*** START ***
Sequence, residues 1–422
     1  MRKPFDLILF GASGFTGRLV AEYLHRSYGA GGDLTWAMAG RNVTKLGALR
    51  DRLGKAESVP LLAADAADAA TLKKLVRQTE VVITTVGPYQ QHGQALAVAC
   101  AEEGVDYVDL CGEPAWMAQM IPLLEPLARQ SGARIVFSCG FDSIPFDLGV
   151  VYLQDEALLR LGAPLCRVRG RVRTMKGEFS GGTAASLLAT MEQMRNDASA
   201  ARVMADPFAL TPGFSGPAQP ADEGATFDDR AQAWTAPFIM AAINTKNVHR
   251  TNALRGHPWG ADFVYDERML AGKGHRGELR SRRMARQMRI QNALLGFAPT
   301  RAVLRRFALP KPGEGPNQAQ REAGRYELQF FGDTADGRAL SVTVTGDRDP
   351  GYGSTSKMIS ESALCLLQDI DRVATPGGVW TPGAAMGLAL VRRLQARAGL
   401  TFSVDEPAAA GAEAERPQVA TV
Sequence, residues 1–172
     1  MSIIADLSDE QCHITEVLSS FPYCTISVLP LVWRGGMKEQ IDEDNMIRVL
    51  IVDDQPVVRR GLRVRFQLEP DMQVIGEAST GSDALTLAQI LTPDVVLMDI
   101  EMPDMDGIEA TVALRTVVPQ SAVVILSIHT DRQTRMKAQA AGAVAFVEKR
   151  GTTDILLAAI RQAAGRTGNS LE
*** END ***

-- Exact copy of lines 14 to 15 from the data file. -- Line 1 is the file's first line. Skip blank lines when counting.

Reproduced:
   101  EMPDMDGIEA TVALRTVVPQ SAVVILSIHT DRQTRMKAQA AGAVAFVEKR
   151  GTTDILLAAI RQAAGRTGNS LE